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Provided by: Kadisha Brown-Burrell published: 31 March 2015
Today marks Kingsley’s Fourth year anniversary since his untimely death and I want to honour his memory by saying how Kingsley was a loving kind brother who loved his children dearly. Kingsley should never have died in the way that he did and I will not give up the fight to find out the truth into how he died despite the odds stacked up against us.
Severn days from now the Inquest into Kingsley’s death will begin and I am appealing to the public the importance of next week’s Inquest set for Tuesday 7th April until 15th May.
I am listed first to give my account and evidence as litigate in person as I am not represented by a solicitor or barrister because of the legal aid system here in this country, especially when it comes to Death in Custody! However my position on the day will be to tell the coroner, jury and public at large what I know and provide the evidence which was kept in my possession for over four years to tell my deceased brothers account, in order to assist the jury in their decision making.
Hostage incidents and disturbances across the country’s jails are rising sharply, intensifying fears that Britain’s prisons are at crisis point. The mounting unrest has seen a corresponding increase in the deployment of specialist teams sent in to the prison estate to quell riots and protests.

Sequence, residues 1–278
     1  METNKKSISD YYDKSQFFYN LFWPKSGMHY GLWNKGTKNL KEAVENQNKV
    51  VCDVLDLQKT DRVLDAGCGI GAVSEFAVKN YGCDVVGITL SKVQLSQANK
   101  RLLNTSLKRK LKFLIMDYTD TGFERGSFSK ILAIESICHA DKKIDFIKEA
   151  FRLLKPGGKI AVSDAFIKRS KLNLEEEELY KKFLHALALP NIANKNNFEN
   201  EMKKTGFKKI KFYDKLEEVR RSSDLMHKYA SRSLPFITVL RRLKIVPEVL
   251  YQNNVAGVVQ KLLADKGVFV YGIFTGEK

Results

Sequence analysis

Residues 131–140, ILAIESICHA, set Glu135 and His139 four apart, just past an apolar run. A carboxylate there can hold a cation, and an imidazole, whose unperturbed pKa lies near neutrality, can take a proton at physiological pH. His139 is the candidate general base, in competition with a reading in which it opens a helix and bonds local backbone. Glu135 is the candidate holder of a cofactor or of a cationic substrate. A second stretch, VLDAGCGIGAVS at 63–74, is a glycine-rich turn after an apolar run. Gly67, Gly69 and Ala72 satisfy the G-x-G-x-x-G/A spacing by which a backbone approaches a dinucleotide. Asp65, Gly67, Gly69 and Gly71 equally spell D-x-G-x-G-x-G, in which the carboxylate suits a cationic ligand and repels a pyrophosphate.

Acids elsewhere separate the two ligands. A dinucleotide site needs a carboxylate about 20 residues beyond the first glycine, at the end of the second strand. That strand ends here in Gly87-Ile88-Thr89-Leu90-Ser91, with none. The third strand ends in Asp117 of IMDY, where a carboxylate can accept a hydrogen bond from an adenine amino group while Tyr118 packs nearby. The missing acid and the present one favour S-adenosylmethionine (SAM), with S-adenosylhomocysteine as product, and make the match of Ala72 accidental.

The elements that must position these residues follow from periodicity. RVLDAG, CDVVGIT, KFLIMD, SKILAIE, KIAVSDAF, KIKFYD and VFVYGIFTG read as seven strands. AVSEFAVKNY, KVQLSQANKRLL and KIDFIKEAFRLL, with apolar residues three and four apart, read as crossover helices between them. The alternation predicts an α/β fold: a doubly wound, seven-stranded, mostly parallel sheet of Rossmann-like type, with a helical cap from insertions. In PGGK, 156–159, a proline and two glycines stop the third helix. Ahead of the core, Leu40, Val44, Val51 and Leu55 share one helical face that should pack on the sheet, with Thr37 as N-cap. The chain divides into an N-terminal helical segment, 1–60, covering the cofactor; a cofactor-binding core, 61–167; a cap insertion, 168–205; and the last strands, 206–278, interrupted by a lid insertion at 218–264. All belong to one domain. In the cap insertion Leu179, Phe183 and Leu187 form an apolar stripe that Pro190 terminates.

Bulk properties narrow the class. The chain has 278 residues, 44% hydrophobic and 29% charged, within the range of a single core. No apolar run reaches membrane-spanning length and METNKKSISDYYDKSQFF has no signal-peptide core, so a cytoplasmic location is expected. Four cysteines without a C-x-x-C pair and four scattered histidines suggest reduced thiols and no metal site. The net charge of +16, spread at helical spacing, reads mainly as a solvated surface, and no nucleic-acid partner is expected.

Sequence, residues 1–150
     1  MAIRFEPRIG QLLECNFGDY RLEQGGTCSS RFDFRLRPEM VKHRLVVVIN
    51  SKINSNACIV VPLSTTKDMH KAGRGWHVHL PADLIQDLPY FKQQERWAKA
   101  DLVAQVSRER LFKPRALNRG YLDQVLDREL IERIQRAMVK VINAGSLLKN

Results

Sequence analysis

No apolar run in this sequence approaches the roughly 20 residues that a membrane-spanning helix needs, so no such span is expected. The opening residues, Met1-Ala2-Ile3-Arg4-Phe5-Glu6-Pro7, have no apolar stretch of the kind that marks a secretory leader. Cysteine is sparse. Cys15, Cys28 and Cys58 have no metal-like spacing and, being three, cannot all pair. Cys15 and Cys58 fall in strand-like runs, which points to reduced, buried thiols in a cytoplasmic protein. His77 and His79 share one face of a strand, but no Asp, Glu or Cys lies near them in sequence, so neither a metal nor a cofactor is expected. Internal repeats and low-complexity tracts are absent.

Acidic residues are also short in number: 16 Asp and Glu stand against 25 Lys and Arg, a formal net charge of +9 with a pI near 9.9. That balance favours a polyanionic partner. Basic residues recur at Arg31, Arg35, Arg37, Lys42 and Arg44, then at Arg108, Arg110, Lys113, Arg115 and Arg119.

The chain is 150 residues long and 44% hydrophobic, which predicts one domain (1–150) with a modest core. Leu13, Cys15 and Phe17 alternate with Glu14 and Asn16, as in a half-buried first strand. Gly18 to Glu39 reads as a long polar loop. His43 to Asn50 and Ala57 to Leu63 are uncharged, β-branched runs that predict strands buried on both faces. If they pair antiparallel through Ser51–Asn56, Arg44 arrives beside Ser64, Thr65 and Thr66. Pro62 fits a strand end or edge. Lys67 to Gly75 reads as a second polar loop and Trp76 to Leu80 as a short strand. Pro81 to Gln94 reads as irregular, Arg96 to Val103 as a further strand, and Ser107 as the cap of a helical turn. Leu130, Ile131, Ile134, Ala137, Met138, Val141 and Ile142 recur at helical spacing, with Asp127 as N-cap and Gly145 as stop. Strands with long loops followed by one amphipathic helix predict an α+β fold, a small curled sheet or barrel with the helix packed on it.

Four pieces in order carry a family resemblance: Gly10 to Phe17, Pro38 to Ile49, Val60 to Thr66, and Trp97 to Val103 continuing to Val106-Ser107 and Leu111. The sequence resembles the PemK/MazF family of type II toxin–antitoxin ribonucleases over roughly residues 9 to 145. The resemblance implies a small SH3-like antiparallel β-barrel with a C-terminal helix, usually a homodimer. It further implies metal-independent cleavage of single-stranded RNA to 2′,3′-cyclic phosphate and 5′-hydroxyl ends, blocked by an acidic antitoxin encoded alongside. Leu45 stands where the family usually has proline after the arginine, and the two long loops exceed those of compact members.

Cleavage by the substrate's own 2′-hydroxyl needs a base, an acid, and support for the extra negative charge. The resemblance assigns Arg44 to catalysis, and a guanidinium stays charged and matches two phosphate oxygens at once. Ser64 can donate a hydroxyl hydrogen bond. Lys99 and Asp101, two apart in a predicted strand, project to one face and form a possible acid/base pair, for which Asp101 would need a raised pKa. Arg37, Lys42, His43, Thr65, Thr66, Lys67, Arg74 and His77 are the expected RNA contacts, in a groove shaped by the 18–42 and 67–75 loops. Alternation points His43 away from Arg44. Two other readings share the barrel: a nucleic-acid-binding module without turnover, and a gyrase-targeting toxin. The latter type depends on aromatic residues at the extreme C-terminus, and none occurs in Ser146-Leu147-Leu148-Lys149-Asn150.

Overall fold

Figures cited in a letter from prisons minister Andrew Selous to shadow justice secretary, Sadiq Khan, deposited in the parliamentary library, reveal that in 2010, the year the coalition took power, there were 16 hostage incidents in which a prisoner held either another prisoner or a prison officer against their will.
For the year June 2013 to May 2014, the most up-to-date figures cited in the letter, the number had increased to 73.
The contract to build Britain’s first titan prison holding more than 2,100 inmates has been signed just days before next Monday’s deadline, when parliament officially dissolves for the general election.
But Chris Grayling, the justice secretary, has failed to get approval in time for his other flagship prison project, a 320-place “secure college” or supersized youth jail costing £80m, which was to be the first of a network to replace the current system of youth offender institutions and secure training centres.